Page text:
Political Trends and Security Implications

The following is the summary of a session that was part of the 2018 Annual Conference.



  • Moderator: Peter Landers, Tokyo Bureau Chief, The Wall Street Journal
  • Yoichi Funabashi, Co-founder and Chairman, Asia Pacific Initiative; Former Editor-in-Chief, The Asahi Shimbun (2007-10)
  • Takako Hikotani, Ph.D., Gerald L. Curtis Associate Professor of Modern Japanese Politics and Foreign Policy, Columbia University)


Mr. Landers began by speaking about the midterm elections in the U.S. The poll question of this session asked if the U.S.-Japan relations will change following the midterm elections.

Mr. Landers asked if Japan’s strategy will succeed in the second half of President Trump’s term. Dr. Hikotani answered that President Trump is realizing that he cannot be complacent. President Trump said a lot of unfavorable things about Japan during his election campaign, such as that Japan was free-riding security. Dr. Hikotani explained that she thinks Prime Minister Abe will continue his calm approach and strategy. One characteristic of Prime Minister Abe is that he does not suffer as much backlash as President Trump.

Dr. Funabashi responded that over the next two years, the Abe administration will be confronted with challenges. If President Trump will demand export control of vehicles, that will strain the relationship. President Trump’s view of the world is different from the traditional worldview.

Mr. Landers asked if, from Japan’s perspective, China can somehow replace the United States. Dr. Funabashi replied that he does not think that will ever happen because China will never align with Japan. The China-Japan relationship was at a very low point in 2010 when a Chinese fishing ship rammed a Japanese Self-Defense Force ship, causing the arrest of the Chinese captain by the Japanese. China then weaponized their economy to punish Japan for the arrest.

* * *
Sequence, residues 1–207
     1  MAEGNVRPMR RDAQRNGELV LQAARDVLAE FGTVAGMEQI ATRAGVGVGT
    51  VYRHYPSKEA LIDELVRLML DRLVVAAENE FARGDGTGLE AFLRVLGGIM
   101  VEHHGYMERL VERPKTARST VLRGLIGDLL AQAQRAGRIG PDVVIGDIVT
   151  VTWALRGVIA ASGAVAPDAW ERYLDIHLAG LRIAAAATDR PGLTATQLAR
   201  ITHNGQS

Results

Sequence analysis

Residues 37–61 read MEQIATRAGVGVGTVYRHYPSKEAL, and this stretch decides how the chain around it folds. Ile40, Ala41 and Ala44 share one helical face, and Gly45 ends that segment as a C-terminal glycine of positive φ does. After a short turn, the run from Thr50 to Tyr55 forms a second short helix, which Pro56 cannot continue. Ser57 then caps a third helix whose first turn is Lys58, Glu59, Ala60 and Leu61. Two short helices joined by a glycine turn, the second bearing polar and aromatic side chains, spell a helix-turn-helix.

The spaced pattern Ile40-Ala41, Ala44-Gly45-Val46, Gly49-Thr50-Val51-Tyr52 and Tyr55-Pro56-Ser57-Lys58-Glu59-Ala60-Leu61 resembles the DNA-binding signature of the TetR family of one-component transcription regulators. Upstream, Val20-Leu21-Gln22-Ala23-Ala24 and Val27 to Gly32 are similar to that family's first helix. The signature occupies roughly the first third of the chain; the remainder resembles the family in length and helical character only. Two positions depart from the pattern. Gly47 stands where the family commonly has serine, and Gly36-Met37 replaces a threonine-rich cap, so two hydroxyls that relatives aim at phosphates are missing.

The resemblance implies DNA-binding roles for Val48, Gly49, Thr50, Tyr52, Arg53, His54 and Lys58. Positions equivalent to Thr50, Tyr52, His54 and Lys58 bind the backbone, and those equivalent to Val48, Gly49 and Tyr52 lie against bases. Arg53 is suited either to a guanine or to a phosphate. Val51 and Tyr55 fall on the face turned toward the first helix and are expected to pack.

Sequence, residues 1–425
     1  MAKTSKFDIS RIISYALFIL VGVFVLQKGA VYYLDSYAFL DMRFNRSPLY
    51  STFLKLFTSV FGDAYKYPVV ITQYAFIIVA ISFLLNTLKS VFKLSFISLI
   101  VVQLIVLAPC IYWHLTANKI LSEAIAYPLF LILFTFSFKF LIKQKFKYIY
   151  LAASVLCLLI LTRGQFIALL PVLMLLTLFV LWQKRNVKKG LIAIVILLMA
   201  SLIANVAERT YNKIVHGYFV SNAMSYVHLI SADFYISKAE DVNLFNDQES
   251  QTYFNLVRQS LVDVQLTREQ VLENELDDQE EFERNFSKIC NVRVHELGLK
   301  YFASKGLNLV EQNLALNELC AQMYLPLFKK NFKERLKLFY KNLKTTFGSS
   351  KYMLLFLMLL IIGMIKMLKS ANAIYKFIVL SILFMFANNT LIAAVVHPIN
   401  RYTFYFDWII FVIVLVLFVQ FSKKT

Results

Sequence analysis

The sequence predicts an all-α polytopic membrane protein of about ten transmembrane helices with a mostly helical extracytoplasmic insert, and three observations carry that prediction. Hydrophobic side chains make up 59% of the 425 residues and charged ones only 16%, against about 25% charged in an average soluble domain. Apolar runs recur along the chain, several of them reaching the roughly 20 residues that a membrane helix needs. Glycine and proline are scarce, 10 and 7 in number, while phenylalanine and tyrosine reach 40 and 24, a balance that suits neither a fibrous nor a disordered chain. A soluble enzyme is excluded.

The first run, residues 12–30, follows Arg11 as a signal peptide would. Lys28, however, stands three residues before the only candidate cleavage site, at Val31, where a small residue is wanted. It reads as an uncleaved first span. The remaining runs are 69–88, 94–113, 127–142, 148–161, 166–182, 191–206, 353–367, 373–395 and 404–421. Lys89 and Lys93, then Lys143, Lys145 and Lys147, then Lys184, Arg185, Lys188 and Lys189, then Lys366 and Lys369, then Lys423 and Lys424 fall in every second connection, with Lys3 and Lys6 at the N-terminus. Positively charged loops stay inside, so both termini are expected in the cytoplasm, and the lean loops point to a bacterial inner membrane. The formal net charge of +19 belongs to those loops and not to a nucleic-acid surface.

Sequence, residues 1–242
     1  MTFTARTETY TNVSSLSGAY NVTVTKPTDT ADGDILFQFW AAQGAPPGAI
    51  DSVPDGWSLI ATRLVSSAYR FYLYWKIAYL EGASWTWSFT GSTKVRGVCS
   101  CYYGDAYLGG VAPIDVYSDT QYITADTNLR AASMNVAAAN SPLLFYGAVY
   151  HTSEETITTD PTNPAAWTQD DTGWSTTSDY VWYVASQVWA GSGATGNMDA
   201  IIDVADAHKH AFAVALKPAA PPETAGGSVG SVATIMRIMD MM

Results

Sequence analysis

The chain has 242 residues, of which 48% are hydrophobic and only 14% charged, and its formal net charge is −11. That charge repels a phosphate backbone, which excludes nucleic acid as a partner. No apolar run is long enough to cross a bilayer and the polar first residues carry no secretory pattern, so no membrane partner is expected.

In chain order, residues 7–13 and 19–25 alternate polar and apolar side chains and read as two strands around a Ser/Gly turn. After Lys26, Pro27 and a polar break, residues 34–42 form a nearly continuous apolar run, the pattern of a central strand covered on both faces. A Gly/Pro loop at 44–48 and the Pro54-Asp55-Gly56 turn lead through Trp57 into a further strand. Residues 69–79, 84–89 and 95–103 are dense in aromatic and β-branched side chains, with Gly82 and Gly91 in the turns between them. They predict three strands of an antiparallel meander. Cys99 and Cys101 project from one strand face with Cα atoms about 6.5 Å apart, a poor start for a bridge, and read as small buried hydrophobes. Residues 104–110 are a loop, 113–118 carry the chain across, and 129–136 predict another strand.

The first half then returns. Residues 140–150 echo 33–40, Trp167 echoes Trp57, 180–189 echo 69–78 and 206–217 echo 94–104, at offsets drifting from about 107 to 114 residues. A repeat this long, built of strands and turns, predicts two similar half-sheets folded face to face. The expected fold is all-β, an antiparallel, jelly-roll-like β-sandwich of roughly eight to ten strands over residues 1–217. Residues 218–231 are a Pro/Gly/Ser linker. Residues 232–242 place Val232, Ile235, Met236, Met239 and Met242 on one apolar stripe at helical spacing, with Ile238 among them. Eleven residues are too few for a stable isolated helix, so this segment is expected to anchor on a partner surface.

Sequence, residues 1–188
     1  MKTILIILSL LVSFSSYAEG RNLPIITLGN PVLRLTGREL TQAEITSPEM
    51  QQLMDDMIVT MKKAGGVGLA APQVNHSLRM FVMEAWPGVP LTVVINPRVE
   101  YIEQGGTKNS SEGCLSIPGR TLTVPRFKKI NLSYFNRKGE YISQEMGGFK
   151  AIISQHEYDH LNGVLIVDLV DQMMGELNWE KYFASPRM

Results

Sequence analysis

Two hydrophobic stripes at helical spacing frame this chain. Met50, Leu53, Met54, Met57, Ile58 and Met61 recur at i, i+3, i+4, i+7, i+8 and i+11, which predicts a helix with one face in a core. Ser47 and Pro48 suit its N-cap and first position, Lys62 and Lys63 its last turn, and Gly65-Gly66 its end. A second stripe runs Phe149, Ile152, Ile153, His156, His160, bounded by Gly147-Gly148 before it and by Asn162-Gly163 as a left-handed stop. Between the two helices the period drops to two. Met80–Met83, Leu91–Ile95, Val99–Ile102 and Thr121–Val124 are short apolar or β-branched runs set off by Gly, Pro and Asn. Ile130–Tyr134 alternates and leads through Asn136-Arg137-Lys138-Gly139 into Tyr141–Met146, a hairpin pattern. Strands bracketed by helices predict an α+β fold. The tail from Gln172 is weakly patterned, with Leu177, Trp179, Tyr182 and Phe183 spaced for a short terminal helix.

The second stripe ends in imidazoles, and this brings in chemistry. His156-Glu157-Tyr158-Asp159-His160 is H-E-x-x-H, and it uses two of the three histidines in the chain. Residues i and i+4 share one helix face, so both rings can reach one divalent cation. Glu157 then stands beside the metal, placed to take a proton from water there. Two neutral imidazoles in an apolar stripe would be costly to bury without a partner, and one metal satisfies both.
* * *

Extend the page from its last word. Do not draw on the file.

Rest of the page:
Mr. Landers said that Japan’s Self-Defense Force currently has autonomy, but that Prime Minister Abe talks about turning it into a military. Mr. Landers asked the panelists what they think of this effort to protect Japan better. Dr. Hikotani replied that the most important thing now is to make sure that the United States is committed to the region. However, Japan does need to consider their self-defense, especially with North Korea. Mr. Landers asked if there are any other threats. Dr. Hikotani answered that the East China Sea is a concern. Given budget constraints, Japan is dependent on China’s strategy going forward. Dr. Funabashi also said that it is imperative for Japan and China to have a stable relationship. However, North Korea remains the most critical national security risk to Japan, because they have not committed to denuclearization. He also said that Japan has to keep strengthening its alliance with the United States, and if necessary, change the interpretation of the constitution in order to defend the U.S.

Referring to Vice President Mike Pence’s recent speech about China, Mr. Landers asked if the United States and China could ever find common ground. Dr. Funabashi replied that he thinks that would be difficult. China is seen as being ahead of the United States in terms of technology, estimated in the range of 10 to 15 times, and this poses serious risks to the world because China is radically modernizing. As an example, Dr. Funabashi explained that China is using a system to survey and score its citizens, and that by 2020, it will become mandatory.


Click here to see the video of the session.